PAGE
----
Saturday, December 12, 2015

The Emotion Cups

A common misconception that existed not so long ago, about individuals on the autism spectrum, was that they were not capable of feeling emotions. In time that assumption, which was to a large degree due to the way individuals on the spectrum process emotions, was proven to be incorrect. Current research continues to be ambivalent about the subject. Below is a link for those of you who are interested in further reading (a bit academic but I thought it was quite comprehensive).

I have written about an occurrence in my book ‘Wrapped in Blue’ where Mo aka. Zaki makes a connection between his tears and the emotion of ‘missing someone’ which occurs when his mother Zoya aka. moi is dropping him back to school.

“Oh my god, I think I am about to cry. I am really going to miss you mama” says  Zaki who is 17 years of age at the time. He has used the phrase “I miss you” many times before in his life possibly without understanding its pragmatic significance. Therefore, the latter incident is a milestone in Zaki’s emotional development and stands out poignantly in his mother’s mind.

Linked to the subject of emotions and ASD, just recently I had the occasion to work with an 8-year-old boy Dany* who had autism, whose mother brought him for art therapy so that he could develop insight into himself, let go and learn to express himself through art. I could relate to her completely as I too wonder often about what goes on in Mo’s head. What is he thinking and feeling at a particular point in time? How does he perceive certain situations?

Anyway, Dany is an extremely bright and articulate boy who struggles with pragmatic language skills. My goal was to gauge where he stood in terms of recognition of emotions in general and also within a personal context. Hence, I want to share with you the following activity which was based around that objective. I thought it was fun for Dany and quite powerful too.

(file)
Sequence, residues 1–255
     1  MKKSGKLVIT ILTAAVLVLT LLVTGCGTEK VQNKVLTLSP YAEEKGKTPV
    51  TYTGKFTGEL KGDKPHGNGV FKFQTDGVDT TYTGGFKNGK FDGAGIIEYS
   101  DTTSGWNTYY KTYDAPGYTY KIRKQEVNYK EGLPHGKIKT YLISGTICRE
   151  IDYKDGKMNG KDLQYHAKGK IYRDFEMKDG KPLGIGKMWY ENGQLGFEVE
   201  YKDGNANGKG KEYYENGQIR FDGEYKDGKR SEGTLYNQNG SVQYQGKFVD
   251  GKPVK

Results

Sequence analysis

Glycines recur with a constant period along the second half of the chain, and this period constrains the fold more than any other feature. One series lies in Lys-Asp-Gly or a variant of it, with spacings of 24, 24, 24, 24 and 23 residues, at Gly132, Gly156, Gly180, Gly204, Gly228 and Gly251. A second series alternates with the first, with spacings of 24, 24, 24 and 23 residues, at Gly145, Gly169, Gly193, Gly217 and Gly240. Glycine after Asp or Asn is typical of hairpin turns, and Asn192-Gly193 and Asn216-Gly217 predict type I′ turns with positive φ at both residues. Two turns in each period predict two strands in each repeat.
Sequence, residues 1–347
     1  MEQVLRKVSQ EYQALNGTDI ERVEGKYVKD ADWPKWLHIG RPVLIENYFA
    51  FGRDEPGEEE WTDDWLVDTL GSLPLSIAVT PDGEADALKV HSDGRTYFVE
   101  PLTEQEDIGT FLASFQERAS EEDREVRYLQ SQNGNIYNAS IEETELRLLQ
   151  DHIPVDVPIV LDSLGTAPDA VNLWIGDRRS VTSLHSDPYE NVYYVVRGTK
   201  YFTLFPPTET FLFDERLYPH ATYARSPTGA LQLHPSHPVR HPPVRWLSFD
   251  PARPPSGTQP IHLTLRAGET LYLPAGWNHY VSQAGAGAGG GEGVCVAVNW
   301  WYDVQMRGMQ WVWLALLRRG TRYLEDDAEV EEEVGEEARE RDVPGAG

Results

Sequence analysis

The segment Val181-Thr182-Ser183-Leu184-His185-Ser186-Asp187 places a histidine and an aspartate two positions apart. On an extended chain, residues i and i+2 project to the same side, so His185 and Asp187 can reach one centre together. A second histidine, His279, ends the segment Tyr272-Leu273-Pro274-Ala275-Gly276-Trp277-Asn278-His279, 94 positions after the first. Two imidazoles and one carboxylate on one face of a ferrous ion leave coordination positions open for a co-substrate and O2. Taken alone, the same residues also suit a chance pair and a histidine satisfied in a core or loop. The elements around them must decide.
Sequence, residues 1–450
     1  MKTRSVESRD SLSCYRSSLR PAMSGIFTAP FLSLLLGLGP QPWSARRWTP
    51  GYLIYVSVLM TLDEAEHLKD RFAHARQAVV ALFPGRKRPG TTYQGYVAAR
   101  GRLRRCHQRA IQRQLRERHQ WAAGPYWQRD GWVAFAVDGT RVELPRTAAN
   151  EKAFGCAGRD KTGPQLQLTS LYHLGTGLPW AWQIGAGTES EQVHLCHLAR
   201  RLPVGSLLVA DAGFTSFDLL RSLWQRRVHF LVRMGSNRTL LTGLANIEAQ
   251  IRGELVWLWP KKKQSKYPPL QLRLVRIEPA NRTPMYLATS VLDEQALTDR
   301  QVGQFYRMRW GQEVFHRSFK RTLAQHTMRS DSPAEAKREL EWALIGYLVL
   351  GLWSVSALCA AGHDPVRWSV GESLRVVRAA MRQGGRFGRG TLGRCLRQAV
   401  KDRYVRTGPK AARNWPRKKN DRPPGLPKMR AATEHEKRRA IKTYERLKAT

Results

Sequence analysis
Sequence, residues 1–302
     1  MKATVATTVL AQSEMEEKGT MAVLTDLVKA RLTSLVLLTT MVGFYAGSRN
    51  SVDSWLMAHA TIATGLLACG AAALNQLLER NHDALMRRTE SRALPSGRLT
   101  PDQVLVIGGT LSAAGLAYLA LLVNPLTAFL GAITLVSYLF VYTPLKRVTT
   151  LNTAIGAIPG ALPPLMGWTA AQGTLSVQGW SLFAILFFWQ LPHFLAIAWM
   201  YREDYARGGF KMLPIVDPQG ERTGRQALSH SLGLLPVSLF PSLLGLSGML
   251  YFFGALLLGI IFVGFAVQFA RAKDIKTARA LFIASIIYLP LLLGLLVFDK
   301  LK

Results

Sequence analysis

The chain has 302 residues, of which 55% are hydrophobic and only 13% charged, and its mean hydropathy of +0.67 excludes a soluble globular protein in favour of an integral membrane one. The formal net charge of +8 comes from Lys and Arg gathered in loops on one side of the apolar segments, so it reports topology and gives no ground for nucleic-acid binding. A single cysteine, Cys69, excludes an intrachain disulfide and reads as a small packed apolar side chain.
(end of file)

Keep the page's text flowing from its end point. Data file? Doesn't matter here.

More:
The emotion Cups
I placed 4 ‘emotion cups’ (as Dany named them) with faces depicting happy, sad, afraid and angry emotions drawn on them. Dany was asked to choose a colour for each of the emotions (we had previously done another activity on identifying colours with emotions) and paint pieces of macaroni with the colours of each emotion. He was then asked to put macaroni pieces in the cups corresponding to the emotion he felt/associated with most of the time. Thus, more macaroni in the happiness cup relative to the sadness cup meant that he was more happy than sad and so on and so forth with all four emotions. Dany started the activity only to stop after a few seconds and asked me to add another cup. “I am none of these cups most of the time,” he said. “I want you to make a cup that looks like this” and then he made a straight line across his lips. I said, “you mean serious?” “Yes”,  declared Dany “I am serious most of the time!” Taken by surprise I added the ‘serious’ cup and Dany completed the activity. After he had filled up all the ‘emotion cups’ and lined them up, starting with the most to the least emotion he felt, we discussed each one in relation to Dany’s life. The session finished with another activity around generalising emotions and so on. Subsequent sessions will focus on further exploration about the same, encouraging Dany to experiment with his emotions through colour and form.

Dany’s mother was surprised to learn that he had so much self-awareness. Hopefully, Dany will continue to explore/express himself through his artwork and enjoy the process of discovery. 

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